(Reuters) - Howard Hughes Corp (HHC.N), which counts activist investor William Ackman as chairman, said on Monday it would sell about $2 billion of non-core assets following a strategic review and announced a management reshuffle.
Shares of the company were down 18.4% at $104.70 in extended trading.
“There was a belief that the entire company would be sold or the company would go private,” said Vahid Khorsand, an analyst with BWS Financial.
Ackman, however, said in a conference call with analysts that the company would only consider selling itself if a substantial premium was offered.
The company is currently valued at over $5 billion.
In June, the real estate developer hired Centerview Partners to explore strategic alternatives that included a potential sale of the company.
The asset sales along with changes to the company’s organizational structure announced on Monday is expected to reduce overhead costs by $45 million to $50 million per year.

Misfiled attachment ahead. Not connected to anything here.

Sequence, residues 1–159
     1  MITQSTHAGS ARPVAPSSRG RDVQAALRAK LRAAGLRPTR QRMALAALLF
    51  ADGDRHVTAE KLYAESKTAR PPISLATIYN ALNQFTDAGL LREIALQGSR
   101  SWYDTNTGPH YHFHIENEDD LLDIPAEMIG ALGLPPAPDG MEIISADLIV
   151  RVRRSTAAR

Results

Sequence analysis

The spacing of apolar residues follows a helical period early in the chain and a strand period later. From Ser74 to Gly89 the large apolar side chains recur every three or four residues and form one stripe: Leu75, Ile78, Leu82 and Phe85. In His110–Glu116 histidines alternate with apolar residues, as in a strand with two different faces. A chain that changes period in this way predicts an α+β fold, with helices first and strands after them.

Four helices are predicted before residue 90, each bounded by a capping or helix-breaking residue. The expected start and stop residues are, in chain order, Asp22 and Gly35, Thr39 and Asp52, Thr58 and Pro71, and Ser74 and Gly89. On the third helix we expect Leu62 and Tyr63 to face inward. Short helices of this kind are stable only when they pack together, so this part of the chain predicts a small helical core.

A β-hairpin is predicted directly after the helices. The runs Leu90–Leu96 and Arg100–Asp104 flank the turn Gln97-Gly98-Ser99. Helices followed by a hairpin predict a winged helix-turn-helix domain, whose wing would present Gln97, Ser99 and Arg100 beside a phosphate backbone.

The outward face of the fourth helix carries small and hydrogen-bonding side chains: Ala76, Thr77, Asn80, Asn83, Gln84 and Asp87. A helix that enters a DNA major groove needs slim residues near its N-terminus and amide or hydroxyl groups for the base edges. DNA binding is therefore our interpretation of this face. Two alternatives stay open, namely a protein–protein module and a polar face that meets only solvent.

The company named Paul Layne as CEO, effective immediately. He will replace David Weinreb who, along with the president Grant Herlitz, will step down from the company.
Both Weinreb and Herlitz had signed a 10-year employment agreement with the company in 2017.
Layne was most recently the president of the company’s Central Region, which include properties The Woodlands, The Woodlands Hills and Bridgeland in Texas.
Ackman said Layne’s appointment along with the company’s headquarters move from Dallas to Houston will enable Howard Hughes to be more profitable and free-cash-flow-generative.
Ackman’s Pershing Square Capital Management owned 2.77% of the Howard Hughes’ common stock at the end of June, according to Refinitiv data, and the firm had a total economic exposure of 12.6% through common stock and swaps, according to a regulatory filing.
Howard Hughes was formed in 2010 as a tax-free spinoff from General Growth Properties.
Reporting by Shanti S Nair and Akanksha Rana in Bengaluru; Editing by Shailesh Kuber